How Much Protein Is Needed To Gain Muscle?

Muscle is crucial for health, performance, and (let’s face it) to look good.

Although resistance-based exercise is extremely helpful to increase the anabolic potential of muscle tissue, the anabolic effects of nutrition are ultimately driven by the incorporation of dietary protein into skeletal muscle proteins [1].

This makes an adequate dietary protein intake essential in order to stimulate muscle protein synthesis [2].

For muscle growth to occur, net muscle protein synthesis has to be larger than net muscle protein breakdown at the end of the day. Accordingly, nutrition has the largest influence on changes in muscle protein synthesis and muscle protein breakdown [3].

The current recommended daily protein intake for the average person is 0.8 grams of protein per kg of body weight.

However, these recommendations are only stated as a means to aid normal metabolic function and maintain protein balance, and are not optimized for people undertaking physical activity and wanting to gain muscle mass.

For this reason, it is logical to assume that people in this category require a higher protein intake to ensure they have a pool of “free” amino acids that may be used for muscle-building purposes.

After all the body will always preferentially use dietary protein to satisfy the metabolic need for survival as opposed to supporting muscle gain. This makes an abundance of dietary protein a necessity for building muscle [4].

So how much protein do you need to gain muscle, and how much do you need to optimize muscle growth?

A Complex Topic that Depends on Many Factors

The amount of dietary protein needed to gain muscle is determined by several dietary factors, including:

  • The quality of the protein source
  • The amount of protein ingested
  • The timing of protein intake
  • The pattern and frequency of protein intake

All of these factors can independently and synergistically impact rates of protein digestion and amino acid absorption, the delivery of amino acids to muscle cells, and ultimately the amount of muscle protein synthesis.

1. Protein Quality

As foods have different ratios and concentrations of amino acids, protein sources differ in their capacity to stimulate muscle protein synthesis.

The main properties that determine the anabolic effect of a protein source are it’s digestion rate and amino acid composition – particularly leucine.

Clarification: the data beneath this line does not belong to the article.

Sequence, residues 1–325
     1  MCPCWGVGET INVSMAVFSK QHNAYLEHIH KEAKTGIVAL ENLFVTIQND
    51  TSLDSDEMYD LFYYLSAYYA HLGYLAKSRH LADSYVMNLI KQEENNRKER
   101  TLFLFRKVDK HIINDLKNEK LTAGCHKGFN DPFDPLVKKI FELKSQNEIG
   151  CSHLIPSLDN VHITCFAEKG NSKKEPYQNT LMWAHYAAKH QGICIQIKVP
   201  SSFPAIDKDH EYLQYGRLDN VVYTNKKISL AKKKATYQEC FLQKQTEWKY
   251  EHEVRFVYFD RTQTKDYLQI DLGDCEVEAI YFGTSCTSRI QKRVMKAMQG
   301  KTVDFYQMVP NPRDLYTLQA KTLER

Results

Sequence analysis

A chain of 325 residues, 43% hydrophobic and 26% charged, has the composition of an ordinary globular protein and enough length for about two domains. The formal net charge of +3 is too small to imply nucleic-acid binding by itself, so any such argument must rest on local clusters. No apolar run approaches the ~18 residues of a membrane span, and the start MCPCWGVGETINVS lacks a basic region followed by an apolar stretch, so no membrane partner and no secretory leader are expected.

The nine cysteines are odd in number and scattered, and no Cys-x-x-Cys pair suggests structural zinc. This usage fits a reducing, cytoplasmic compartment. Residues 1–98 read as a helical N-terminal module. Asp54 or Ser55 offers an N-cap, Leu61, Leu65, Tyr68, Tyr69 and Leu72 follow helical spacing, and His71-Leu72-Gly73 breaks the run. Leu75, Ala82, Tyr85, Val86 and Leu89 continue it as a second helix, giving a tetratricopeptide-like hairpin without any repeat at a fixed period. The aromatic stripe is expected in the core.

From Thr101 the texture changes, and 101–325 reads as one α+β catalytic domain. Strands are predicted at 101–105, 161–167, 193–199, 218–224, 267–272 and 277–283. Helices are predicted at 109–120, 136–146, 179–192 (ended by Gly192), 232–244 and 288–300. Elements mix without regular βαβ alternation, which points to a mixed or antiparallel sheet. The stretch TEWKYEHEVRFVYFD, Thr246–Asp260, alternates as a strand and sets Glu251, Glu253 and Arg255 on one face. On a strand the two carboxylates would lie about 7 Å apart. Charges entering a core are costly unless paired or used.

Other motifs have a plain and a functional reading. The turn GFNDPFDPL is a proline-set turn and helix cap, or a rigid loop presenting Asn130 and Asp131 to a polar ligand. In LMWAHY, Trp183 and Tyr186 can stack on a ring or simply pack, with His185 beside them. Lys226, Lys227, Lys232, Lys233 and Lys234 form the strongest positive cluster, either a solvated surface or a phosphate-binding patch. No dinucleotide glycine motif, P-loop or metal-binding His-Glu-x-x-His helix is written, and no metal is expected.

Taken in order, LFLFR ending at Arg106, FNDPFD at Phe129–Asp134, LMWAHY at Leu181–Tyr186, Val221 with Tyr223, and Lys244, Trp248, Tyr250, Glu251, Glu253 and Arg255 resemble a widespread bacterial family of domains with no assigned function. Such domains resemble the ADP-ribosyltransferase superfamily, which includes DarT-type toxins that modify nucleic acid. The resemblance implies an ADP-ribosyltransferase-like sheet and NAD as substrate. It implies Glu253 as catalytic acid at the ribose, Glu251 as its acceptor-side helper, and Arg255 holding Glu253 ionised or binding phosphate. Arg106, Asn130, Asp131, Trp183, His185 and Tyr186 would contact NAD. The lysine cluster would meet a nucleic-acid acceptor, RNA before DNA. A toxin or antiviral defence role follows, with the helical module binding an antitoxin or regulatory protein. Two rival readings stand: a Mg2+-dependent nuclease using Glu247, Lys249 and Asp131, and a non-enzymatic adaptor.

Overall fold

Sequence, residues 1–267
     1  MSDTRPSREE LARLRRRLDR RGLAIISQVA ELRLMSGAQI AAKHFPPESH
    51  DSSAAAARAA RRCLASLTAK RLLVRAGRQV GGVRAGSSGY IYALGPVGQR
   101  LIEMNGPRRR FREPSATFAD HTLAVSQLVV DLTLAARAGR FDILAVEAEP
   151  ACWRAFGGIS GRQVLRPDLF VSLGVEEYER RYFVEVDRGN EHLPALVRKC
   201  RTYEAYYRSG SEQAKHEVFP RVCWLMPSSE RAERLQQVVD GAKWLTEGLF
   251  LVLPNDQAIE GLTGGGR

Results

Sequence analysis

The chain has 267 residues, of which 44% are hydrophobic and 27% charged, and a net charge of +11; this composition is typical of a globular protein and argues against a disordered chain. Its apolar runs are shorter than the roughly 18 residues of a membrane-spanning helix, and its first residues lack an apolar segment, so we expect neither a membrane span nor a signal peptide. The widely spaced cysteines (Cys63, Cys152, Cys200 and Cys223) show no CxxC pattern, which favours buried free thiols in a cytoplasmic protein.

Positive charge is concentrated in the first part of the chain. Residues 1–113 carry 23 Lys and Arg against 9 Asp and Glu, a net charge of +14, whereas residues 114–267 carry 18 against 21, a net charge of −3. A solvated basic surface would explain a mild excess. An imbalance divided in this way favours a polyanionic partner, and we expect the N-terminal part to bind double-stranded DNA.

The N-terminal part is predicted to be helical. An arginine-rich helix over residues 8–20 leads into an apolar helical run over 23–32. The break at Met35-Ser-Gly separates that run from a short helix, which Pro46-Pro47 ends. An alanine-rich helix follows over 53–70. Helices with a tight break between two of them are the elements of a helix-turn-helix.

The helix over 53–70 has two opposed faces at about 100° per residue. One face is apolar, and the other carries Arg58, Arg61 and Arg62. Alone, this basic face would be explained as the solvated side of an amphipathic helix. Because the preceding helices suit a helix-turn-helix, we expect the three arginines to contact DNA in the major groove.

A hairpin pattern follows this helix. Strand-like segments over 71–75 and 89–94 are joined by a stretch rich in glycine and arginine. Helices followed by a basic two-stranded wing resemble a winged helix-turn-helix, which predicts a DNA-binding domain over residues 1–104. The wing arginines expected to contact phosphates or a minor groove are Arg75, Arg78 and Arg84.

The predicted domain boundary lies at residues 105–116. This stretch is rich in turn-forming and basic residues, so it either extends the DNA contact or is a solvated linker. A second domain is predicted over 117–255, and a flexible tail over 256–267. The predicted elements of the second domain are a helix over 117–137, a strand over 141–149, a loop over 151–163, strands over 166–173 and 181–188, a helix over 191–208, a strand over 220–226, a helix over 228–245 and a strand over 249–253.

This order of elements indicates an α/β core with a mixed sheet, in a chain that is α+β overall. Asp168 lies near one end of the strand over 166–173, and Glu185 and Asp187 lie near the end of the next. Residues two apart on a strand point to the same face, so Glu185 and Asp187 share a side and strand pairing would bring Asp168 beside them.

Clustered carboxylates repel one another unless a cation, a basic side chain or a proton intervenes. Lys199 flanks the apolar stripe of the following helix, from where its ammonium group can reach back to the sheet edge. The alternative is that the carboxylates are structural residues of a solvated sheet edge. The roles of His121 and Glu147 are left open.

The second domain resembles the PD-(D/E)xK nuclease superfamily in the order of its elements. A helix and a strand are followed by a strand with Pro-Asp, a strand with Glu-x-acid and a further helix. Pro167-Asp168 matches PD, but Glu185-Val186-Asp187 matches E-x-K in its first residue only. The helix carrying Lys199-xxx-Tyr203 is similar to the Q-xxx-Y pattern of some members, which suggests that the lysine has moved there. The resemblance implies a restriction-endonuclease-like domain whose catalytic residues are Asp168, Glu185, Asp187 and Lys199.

In general, animal-based foods are recognized as a superior source of protein because they have a complete composition of essential amino acids, with high digestibility (>90%) and bioavailability.

Plant proteins do still offer a complete set of amino acids (despite the myth that they don’t), however they do vary considerably in their quantities of certain essential amino acids. Plant foods, on average, tend to be lower in amino acids such as leucine, methionine, and cysteine.

Since leucine is the main amino acid which signals for anabolic processes to start, this will significantly impact on protein synthesis rates from a given protein source [5].

In addition, the digestibility and bioavailability of plant proteins is lower than those from animal sources due to the potentially high content of dietary fiber and protease inhibitors [6].

2. Protein Distribution

To many people’s surprise, protein-induced increases in muscle protein synthesis are limited in duration after a meal. In general, dietary protein can increase muscle protein synthesis for ~3 hours before returning to normal levels, despite sustained amino acid availability and intramuscular anabolic signalling.

This is termed the “muscle full effect” and occurs when a meal contains ~2.5 grams of leucine and ~10 grams of essential amino acids [7] [8] [9].

Considering this, it is important to have regular protein feedings to ensure muscle protein synthesis is being frequently stimulated throughout a 24-hour period.

The science is not yet conclusive, but it is estimated that the consumption of ~3 evenly distributed meals a day each containing ~25–50 grams of high-quality protein is optimal for the stimulation of 24 hour muscle protein synthesis [10].

20 grams of protein gives a near-maximal increase in muscle protein synthesis after resistance training, but raising this to 40 grams leads to superior results by ~10% [11] [12].

The exact amount of protein per meal may change depending on gender and body composition, so a more accurate recommendation of 0.25-0.40 grams of protein per kg of bodyweight may also be used.